For use with a network having server sites capable of being browsed by users based on identifiers received into the server sites and personal to the users, alternative proxy systems for providing substitute identifiers to the server sites that allow the users to browse the server sites anonymously via the proxy system, are presented in U.S. Pat. No. 5,961,593 to Gabber et al. entitled: “System and method for providing anonymous personalized browsing by a proxy system in a network”, which is incorporated in its entirety for all purposes as if fully set forth herein. A central proxy system includes computer-executable routines that process site-specific substitute identifiers constructed from data specific to the users, that transmits the substitute identifiers to the server sites, that retransmits browsing commands received from the users to the server sites, and that removes portions of the browsing commands that would identify the users to the server sites. The foregoing functionality is performed consistently by the central proxy system during subsequent visits to a given server site as the same site specific substitute identifiers are reused. Consistent use of the site specific substitute identifiers enables the server site to recognize a returning user and, possibly, provide personalized service.

A device that receives, from a client device, a request for a resource, where the request provides an identifier of the client device, is presented in U.S. Pat. No. 8,504,723 to Kohli entitled: “Routing proxy for resource requests and resources”, which is incorporated in its entirety for all purposes as if fully set forth herein. The device selects a target device for the resource, connects with the selected target device, and provides a proxy of the request to the selected target device, where the proxy of the request hides the identifier of the client device. The device receives the resource from the selected target device, where the resource provides an identifier of the target device. The device provides a proxy of the resource to the client device, where the proxy of the resource hides the identifier of the target device.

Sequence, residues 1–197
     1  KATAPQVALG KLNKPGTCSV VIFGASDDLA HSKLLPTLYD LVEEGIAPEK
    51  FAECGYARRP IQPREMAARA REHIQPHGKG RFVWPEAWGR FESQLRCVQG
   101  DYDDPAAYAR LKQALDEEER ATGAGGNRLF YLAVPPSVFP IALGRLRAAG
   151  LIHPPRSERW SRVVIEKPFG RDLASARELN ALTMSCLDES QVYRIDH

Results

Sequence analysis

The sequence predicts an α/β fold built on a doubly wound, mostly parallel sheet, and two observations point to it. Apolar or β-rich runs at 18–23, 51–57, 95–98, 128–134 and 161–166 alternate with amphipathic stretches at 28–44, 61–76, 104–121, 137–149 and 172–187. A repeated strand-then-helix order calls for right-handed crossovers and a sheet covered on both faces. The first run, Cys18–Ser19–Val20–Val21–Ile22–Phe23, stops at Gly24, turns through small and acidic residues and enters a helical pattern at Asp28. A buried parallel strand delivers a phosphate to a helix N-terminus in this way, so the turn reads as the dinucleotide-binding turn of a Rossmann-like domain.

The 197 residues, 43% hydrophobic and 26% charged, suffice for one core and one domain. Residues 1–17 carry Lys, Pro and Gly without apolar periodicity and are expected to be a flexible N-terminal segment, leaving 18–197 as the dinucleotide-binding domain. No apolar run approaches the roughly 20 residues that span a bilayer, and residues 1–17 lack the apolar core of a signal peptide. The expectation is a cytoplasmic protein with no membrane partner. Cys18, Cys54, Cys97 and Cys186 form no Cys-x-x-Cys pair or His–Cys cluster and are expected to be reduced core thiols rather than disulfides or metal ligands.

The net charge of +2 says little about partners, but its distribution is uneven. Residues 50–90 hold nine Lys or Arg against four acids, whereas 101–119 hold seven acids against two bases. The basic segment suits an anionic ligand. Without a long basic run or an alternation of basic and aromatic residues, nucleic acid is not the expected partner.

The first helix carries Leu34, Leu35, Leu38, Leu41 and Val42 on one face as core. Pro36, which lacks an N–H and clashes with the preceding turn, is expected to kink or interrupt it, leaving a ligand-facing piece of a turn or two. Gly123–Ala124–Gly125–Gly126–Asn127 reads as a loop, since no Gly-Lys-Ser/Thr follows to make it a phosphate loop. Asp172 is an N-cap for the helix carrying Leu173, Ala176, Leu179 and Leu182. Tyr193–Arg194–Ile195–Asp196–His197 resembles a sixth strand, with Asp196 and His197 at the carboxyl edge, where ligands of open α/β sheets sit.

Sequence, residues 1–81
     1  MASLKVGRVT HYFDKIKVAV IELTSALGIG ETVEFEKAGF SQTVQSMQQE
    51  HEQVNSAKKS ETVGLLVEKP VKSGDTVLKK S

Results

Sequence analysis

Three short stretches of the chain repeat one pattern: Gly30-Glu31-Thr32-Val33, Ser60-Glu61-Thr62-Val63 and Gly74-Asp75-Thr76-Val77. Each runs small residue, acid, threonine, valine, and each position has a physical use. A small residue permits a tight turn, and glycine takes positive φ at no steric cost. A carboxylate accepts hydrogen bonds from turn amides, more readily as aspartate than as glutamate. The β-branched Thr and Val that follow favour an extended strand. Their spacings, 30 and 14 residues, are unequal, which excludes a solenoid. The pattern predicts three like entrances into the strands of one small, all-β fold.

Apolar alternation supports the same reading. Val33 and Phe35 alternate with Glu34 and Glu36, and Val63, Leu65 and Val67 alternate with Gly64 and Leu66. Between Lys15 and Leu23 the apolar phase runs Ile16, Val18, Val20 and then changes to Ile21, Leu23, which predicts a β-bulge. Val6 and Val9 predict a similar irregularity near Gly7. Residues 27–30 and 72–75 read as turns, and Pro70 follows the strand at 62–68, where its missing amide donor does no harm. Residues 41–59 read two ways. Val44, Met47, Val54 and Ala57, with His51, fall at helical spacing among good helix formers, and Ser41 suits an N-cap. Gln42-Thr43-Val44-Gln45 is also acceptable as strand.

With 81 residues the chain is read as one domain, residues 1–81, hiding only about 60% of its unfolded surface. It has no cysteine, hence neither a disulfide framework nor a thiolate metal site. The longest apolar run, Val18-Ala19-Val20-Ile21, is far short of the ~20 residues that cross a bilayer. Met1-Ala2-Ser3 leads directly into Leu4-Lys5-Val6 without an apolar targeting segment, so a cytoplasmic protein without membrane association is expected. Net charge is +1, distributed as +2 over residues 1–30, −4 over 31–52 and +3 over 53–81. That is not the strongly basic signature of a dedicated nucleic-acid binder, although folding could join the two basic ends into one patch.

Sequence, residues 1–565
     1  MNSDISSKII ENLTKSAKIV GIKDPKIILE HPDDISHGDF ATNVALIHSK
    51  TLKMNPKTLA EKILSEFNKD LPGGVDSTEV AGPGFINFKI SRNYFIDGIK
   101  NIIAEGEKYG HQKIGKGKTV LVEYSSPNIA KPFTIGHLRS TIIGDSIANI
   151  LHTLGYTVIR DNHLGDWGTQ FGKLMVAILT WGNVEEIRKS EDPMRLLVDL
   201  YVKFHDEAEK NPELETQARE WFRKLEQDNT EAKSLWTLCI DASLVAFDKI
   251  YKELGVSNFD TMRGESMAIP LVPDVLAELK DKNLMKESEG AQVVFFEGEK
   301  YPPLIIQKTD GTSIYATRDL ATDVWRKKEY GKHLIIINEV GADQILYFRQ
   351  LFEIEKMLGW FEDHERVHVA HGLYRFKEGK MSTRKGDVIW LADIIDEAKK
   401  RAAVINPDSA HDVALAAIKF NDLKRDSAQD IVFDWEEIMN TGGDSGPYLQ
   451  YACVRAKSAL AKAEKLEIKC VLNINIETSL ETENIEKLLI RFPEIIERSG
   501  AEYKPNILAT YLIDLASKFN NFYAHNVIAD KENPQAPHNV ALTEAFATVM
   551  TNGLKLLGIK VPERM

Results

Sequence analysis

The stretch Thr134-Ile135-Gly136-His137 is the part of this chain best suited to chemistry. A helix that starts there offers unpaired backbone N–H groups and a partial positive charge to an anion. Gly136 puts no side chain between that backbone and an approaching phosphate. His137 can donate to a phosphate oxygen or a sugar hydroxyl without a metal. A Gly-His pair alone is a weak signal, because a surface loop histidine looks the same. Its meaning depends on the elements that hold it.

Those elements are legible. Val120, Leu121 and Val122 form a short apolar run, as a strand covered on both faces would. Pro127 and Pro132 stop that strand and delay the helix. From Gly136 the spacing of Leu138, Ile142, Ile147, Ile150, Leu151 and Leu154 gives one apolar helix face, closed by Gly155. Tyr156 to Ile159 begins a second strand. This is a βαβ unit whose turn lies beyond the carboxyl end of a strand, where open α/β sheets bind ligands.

Various information object repository selection procedures for determining which of a number of information object repositories should service a request for the information object are described in U.S. Pat. No. 7,565,450 to Garcia-Luna-Aceves et al. entitled: “System and method for using a mapping between client addresses and addresses of eaches to support content delivery”, which is incorporated in its entirety for all purposes as if fully set forth herein. The selection procedures include a direct cache selection process, a redirect cache selection process, a remote DNS cache selection process, or a local DNS cache selection process. Different combinations of these procedures may also be used. For example different combination may be used depending on the type of content being requested. The direct cache selection process may be used for information objects that will be immediately loaded without user action, while any of the redirect cache selection process, the remote DNS cache selection process and/or the local DNS cache selection process may be used for information objects that will be loaded only after some user action.